Jewish philanthropists give £1.2m to support London science institute
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Jewish philanthropists give £1.2m to support London science institute

Dangoor family donates sum to the Francis Crick Institute at Kings Cross, with funds going towards giving the organisation a bigger public audience

Judy and David Dangoor
Judy and David Dangoor

A Jewish philanthropic family has given £1.2 million to help a world-leading biomedical science institute in London reach a wider public audience.

The Dangoor family, led by David and Judy, gave the sizeable sum to the Francis Crick Institute at Kings Cross (known as ‘the Crick’) this week, in a nod to David’s late father Sir Naim and his interests in education.

The Crick will use the money to reach different audiences, from scientists to schoolchildren, including a new public-focused website content and a large LED screen outside the Crick to promote awareness of its work to passers-by.

Scientists in the new £700 million building work on cutting-edge problems, including Covid-19. Its lab data on variants, antibodies and vaccines currently informs policy decisions around the world.

It is not the first time the Dangoor family has funded the Crick, channelling £5 million into its work, following it with this week’s £1.2m from Dangoor Education, which is the philanthropic arm of the family’s Exilarch’s Foundation.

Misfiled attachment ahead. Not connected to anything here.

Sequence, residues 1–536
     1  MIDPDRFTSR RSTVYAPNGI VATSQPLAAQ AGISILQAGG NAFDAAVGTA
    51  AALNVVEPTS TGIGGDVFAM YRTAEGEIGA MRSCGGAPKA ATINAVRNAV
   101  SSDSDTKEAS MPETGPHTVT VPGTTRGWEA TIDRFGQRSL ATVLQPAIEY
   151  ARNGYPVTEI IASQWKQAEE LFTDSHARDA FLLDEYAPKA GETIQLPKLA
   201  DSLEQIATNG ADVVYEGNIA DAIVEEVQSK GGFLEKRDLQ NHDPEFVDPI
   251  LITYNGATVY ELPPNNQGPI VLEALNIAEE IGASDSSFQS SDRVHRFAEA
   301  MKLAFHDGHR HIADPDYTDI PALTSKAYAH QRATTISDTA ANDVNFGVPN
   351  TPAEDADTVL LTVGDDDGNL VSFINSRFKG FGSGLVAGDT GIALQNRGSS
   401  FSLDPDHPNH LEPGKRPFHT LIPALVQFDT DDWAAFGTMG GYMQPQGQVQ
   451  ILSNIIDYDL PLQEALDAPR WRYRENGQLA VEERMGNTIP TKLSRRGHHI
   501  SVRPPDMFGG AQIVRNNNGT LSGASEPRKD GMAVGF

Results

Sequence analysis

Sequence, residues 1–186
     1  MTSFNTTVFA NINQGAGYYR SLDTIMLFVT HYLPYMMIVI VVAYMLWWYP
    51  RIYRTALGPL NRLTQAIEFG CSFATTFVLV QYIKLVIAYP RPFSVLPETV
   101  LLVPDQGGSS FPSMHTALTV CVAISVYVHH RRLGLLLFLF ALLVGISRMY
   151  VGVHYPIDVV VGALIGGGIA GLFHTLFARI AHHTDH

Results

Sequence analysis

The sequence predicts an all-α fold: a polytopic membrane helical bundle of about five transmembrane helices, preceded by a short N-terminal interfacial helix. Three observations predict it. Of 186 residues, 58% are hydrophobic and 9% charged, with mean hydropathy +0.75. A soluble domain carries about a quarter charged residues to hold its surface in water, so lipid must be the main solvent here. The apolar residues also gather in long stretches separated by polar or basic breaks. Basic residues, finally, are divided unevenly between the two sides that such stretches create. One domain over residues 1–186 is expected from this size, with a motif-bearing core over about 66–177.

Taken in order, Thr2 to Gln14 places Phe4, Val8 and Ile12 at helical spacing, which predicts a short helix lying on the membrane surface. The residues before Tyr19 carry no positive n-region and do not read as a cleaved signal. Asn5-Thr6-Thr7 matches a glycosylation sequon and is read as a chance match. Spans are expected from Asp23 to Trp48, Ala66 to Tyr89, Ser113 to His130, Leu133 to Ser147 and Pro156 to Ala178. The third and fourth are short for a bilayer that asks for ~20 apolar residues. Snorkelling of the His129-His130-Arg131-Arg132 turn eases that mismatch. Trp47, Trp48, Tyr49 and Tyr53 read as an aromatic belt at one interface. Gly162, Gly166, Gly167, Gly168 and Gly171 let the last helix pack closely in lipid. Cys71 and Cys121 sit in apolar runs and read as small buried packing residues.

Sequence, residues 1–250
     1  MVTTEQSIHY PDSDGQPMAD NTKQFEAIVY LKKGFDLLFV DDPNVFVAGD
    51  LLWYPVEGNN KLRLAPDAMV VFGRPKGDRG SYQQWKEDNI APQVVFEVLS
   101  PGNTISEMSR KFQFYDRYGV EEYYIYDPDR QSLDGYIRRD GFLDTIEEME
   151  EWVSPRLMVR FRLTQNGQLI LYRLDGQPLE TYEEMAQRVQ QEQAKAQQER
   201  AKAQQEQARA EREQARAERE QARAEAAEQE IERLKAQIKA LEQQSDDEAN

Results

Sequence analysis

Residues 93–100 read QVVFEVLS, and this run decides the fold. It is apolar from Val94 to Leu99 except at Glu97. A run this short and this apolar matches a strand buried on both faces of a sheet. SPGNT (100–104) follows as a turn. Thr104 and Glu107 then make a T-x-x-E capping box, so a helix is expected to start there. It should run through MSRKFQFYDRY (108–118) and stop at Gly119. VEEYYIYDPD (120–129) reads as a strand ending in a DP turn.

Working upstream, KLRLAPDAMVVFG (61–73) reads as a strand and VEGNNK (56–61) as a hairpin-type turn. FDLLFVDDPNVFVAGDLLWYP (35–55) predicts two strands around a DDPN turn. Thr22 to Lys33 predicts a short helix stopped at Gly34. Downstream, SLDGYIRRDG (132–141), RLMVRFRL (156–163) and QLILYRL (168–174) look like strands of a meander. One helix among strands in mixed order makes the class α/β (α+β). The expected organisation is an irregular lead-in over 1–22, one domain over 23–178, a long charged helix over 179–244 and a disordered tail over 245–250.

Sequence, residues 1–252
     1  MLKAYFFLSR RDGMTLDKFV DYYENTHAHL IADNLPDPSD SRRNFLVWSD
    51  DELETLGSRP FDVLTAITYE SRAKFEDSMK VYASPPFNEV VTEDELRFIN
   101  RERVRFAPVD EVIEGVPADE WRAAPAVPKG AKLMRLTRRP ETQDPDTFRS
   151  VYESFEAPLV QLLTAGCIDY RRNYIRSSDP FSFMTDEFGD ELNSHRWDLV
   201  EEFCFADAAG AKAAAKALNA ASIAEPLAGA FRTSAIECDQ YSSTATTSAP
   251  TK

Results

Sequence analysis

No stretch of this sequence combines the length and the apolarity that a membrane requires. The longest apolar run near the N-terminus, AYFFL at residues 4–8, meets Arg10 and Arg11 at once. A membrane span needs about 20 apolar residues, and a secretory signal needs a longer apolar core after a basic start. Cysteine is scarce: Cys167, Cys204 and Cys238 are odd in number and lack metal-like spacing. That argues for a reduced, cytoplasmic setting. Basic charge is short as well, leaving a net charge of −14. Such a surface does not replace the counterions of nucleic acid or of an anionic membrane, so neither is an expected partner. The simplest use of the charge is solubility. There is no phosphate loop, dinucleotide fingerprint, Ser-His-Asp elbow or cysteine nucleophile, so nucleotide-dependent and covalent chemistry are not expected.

Interestingly, it is the latest major boost to the world-renowned research institute from a charity of Jewish origins. In 2013, when plans for the Crick were first unveiled, they came with an initial £3 million set-up grant from the Wolfson Foundation, named after the late Sir Isaac Wolfson, revered chairman of Great Universal Stores.

Both David and his wife Judy have backgrounds in science. Announcing the donations, he said his father’s experience – fleeing Iraq in the 1960s when the situation for Jews worsened – continued to shape the family’s giving.

“All he took with him was his family and his education,” said David, noting how Sir Naim went on to build a property and business empire after arriving in the UK.

“He had developed a different perspective on the transience of wealth, and he wanted to show thanks to the UK for having taken us in by helping others. So, education was a very visceral choice for our family.

“It’s a treasure that you give someone, and they carry with them all their life. By sharing knowledge, you can help people help themselves. It empowers people beyond their own expectation.”

Crick Director Paul Nurse said: “This support will ensure that we can continue to encourage and advocate for meaningful public engagement in science.”

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